Well, general, said one of the passengers, have you been on a journey?

Only to the county town. I had some business at the probate office.

Been buyin’ any real estate?

I have just purchased Mr. Newton’s place. I had a mortgage on it, and we agreed to make a bargain.

I wonder whether he bought it with my father’s money, thought Walter, rather bitterly, for he felt that the man opposite was responsible not alone for his loss of fortune, but for his father’s sudden death.

It’s a nice place, said the other.

Yes, a pretty good place. I didn’t need it, but Mr. Newton wanted to sell, and I accommodated him.

How’s that mining company coming out? was the next question. Walter listened eagerly for the answer.

Why, said Mr. Wall, cautiously, that isn’t easy to say just yet. We may realize five per cent. I can’t tell yet.

Five per cent.! In the letter containing the offer General Wall had only hinted at two per cent., and based his offer upon this. Supposing only five per cent. were saved out of the wreck, that on Walter’s thousand shares would amount to five thousand dollars, instead of two—a very material increase.

I am already paid for my journey by this intelligence, thought Walter. I shouldn’t wonder if I got considerably more out of it in the end.

What was the cause of the break-up? asked the other passenger, who seemed to be propounding questions in Walter’s interest.

Why, said General Wall, slowly, it cost a good deal more to work the mine than we expected, and the first indications promised much better than the mine afterward realized.

Have they stopped working it?

Well, yes, for the present. But there’s a prospect of selling it out to a new company with larger means. Of course, we shan’t realize much. I shall be a heavy loser myself.

I don’t believe that, thought Walter.

You ain’t often bit, I reckon, general, said his questioner.

Well, I lay claim to a fair share of judgment, said General Wall, but you know we are all liable to be deceived. I’ve lost nigh on to thirty thousand dollars, I reckon, by this affair. However, I expect to keep my head above water, he added, complacently. I mean to come out of it as well as I can.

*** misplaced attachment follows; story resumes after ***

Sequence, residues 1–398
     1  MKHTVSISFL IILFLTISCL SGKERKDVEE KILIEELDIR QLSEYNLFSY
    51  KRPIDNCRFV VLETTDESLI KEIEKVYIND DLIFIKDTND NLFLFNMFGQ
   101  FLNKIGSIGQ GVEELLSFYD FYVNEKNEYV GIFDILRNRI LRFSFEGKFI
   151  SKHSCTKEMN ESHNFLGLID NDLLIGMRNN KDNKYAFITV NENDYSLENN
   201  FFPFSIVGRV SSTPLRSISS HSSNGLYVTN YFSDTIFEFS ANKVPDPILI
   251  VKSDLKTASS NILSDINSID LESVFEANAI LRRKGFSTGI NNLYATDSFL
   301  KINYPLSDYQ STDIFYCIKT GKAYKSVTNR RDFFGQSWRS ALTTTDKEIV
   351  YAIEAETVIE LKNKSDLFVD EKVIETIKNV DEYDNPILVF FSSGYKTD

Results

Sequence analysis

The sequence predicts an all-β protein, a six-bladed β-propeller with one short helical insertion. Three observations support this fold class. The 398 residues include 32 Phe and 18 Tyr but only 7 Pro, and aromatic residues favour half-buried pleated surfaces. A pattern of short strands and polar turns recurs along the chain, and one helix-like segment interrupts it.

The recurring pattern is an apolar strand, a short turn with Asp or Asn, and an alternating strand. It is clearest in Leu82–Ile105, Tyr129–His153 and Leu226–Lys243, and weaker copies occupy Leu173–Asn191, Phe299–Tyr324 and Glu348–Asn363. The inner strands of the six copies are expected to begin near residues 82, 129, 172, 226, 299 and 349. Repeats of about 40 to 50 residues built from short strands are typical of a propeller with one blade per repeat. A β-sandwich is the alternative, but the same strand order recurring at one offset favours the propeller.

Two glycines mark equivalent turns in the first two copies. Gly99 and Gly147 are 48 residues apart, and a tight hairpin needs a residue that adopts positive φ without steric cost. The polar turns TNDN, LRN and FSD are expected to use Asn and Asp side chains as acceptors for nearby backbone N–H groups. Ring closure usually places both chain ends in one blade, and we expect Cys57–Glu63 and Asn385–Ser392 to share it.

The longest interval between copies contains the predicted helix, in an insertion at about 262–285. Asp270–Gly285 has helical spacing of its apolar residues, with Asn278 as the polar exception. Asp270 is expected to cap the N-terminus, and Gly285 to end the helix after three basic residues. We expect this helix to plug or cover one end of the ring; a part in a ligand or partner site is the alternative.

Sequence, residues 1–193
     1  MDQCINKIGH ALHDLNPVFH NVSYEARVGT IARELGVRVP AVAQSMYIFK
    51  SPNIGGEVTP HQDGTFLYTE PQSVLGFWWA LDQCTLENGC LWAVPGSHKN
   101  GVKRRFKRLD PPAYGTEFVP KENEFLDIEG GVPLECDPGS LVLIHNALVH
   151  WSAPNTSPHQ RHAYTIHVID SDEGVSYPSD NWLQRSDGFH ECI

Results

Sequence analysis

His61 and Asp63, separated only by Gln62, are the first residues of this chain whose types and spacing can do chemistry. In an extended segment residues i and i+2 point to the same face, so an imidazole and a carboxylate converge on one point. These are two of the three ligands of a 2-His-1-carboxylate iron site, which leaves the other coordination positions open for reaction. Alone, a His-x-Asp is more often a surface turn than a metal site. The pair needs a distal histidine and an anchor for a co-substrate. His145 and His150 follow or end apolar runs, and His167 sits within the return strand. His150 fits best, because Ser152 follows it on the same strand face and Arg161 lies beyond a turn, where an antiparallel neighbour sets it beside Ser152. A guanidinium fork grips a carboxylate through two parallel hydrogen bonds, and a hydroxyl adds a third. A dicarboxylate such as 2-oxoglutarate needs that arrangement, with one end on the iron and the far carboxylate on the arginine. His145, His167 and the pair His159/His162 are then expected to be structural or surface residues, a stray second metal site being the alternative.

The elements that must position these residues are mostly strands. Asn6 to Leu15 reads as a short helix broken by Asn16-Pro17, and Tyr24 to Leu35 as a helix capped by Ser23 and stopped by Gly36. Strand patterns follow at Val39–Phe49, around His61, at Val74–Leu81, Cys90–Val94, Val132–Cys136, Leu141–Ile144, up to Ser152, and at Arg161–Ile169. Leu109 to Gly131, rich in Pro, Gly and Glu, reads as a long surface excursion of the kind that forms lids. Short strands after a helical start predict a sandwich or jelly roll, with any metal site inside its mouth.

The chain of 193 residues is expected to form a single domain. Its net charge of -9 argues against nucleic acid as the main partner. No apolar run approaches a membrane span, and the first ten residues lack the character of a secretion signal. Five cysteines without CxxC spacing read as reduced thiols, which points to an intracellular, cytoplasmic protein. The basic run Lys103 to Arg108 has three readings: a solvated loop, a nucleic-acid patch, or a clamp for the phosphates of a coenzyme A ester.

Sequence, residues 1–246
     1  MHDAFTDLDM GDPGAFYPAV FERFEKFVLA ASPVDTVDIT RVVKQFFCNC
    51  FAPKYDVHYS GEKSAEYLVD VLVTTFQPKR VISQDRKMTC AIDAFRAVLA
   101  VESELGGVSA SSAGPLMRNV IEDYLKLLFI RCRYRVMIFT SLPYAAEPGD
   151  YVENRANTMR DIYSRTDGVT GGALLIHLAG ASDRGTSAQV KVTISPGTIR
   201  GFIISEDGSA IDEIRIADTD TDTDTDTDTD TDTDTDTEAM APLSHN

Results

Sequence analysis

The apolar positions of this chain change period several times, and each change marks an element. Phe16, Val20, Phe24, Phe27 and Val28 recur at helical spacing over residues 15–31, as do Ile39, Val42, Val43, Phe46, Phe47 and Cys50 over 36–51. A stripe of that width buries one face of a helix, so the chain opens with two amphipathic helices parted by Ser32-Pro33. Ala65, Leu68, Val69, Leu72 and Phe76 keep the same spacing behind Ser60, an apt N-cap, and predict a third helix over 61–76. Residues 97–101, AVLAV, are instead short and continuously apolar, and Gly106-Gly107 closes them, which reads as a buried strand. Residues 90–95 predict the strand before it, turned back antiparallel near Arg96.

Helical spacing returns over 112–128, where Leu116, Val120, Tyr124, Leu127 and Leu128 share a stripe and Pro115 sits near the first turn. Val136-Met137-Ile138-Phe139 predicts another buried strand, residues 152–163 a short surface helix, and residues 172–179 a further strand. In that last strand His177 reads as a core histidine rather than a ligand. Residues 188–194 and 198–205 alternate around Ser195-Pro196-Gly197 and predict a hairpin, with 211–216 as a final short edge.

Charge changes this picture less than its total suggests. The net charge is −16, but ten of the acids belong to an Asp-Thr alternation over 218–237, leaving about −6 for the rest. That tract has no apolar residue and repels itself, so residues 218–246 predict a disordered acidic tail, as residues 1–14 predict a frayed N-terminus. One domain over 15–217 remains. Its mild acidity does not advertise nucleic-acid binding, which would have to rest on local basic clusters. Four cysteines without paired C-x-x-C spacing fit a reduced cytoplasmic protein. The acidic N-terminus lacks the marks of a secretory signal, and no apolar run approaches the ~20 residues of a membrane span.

’Tain’t every man that can lose thirty thousand dollars and think no more of it, said the other, who appeared to act as a sort of toady to the great man, so much influence does wealth exert even over those who don’t expect to gain anything by their subservience to it.

Why, no, I suppose not, said Wall, in the same complacent tone. I shall be left tolerably well off, even if I do lose the full value of my stock. I’ve been luckier in some of my investments.

Well, I haven’t lost anything, because I hadn’t got anything to lose, said his fellow-passenger; that is, outside of my farm. Me and the old woman manage to pick up a living off that, and that’s all we reckon on. There ain’t much money in farmin’.

Suppose not, said the general. Still, Mr. Blodgett, he added, patronizingly, you farmers are not subject to so many cares and anxieties as we men of business. You are more independent.

It’s hard work and poor pay, answered the farmer. It ain’t easy to get forehanded.

If you ever have a small surplus to invest, Mr. Blodgett, I may be able to put you in the way of making something out of it.

Thank you, General Wall. Maybe I’ll remind you of it some day. I might have a little over.

No matter how little. I can add it to some of my own funds. I should like to help you to make a little something.

"Thank you, general. I’m much obliged to you. I’ll talk to Betsy about it, and maybe

Has llegado al final de esta vista previa. ¡Regístrate para leer más!
Página 1 de 1

Reseñas

Lo que piensa la gente sobre Strive and Succeed

0
0 valoraciones / 0 Reseñas
¿Qué te pareció?
Calificación: 0 de 5 estrellas

Reseñas de lectores